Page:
Bundy questions whether nuclear weapons confer diplomatic power. Though the United States invested a considerable fortune in its nuclear arsenal, the Soviet Union still managed to invade and control much of Eastern Europe. Bundy cites only one instance where nuclear power led to diplomatic victory: President Eisenhower defending two small islands against the Chinese.
Bundy's analysis argues that statesmen refrain from utilizing nuclear weapons because they fear retaliation. In a nuclear age, dropping a bomb on another country may well lead to another bomb dropped on the aggressor.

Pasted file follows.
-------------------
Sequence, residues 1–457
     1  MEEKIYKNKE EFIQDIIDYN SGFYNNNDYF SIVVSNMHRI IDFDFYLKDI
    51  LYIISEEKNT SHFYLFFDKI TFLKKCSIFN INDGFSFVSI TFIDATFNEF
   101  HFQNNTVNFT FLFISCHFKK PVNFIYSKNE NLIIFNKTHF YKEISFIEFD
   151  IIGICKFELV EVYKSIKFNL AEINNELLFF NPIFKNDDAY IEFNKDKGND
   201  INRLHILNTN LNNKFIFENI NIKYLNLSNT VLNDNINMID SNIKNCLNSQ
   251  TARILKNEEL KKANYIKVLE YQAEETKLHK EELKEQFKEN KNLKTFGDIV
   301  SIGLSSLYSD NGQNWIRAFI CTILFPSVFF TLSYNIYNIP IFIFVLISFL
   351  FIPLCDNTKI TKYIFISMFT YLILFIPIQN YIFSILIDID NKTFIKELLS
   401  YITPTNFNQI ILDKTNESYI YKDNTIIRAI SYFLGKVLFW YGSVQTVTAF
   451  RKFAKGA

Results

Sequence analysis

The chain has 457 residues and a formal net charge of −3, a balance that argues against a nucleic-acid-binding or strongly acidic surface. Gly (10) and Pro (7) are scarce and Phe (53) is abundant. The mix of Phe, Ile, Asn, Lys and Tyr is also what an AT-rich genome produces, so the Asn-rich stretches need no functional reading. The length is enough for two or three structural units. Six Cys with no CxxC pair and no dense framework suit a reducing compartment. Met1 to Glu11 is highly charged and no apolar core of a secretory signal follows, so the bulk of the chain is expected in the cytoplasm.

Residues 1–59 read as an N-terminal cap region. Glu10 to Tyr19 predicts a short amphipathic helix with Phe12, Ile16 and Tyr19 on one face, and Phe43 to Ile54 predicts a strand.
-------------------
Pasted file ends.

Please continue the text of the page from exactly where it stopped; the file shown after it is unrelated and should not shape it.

Bundy would likely say that the early stages of the nuclear arms race showed a missed opportunity for negotiation. Had the United States been more open about its nuclear weapons, it may have invited discussion that could have led to regulation of nuclear weapons.